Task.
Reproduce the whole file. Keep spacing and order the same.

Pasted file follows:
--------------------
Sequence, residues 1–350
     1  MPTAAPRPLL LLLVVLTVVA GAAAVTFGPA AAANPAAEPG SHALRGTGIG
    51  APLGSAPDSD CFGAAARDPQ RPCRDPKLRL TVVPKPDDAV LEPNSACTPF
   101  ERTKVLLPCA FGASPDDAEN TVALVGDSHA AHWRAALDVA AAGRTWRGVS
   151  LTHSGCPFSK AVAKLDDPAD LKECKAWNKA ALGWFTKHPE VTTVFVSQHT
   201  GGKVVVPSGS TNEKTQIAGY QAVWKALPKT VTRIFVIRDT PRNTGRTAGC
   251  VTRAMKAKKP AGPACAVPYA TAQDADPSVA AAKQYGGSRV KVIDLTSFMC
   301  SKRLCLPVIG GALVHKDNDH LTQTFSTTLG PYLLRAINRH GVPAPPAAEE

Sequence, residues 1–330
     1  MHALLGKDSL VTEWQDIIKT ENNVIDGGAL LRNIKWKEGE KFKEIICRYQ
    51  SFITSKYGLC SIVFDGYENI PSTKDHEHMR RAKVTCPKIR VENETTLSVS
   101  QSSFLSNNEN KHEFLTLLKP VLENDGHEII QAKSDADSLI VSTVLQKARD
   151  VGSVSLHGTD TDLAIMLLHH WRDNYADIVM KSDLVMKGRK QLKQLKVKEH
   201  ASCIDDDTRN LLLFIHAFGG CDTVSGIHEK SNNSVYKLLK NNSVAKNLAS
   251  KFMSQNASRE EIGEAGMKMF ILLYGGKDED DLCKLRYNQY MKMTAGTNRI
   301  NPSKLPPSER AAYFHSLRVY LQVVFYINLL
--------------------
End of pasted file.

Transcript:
Sequence, residues 1–350
     1  MPTAAPRPLL LLLVVLTVVA GAAAVTFGPA AAANPAAEPG SHALRGTGIG
    51  APLGSAPDSD CFGAAARDPQ RPCRDPKLRL TVVPKPDDAV LEPNSACTPF
   101  ERTKVLLPCA FGASPDDAEN TVALVGDSHA AHWRAALDVA AAGRTWRGVS
   151  LTHSGCPFSK AVAKLDDPAD LKECKAWNKA ALGWFTKHPE VTTVFVSQHT
   201  GGKVVVPSGS TNEKTQIAGY QAVWKALPKT VTRIFVIRDT PRNTGRTAGC
   251  VTRAMKAKKP AGPACAVPYA TAQDADPSVA AAKQYGGSRV KVIDLTSFMC
   301  SKRLCLPVIG GALVHKDNDH LTQTFSTTLG PYLLRAINRH GVPAPPAAEE

Sequence, residues 1–330
     1  MHALLGKDSL VTEWQDIIKT ENNVIDGGAL LRNIKWKEGE KFKEIICRYQ
    51  SFITSKYGLC SIVFDGYENI PSTKDHEHMR RAKVTCPKIR VENETTLSVS
   101  QSSFLSNNEN KHEFLTLLKP VLENDGHEII QAKSDADSLI VSTVLQKARD
   151  VGSVSLHGTD TDLAIMLLHH WRDNYADIVM KSDLVMKGRK QLKQLKVKEH
   201  ASCIDDDTRN LLLFIHAFGG CDTVSGIHEK SNNSVYKLLK NNSVAKNLAS
   251  KFMSQNASRE EIGEAGMKMF ILLYGGKDED DLCKLRYNQY MKMTAGTNRI
   301  NPSKLPPSER AAYFHSLRVY LQVVFYINLL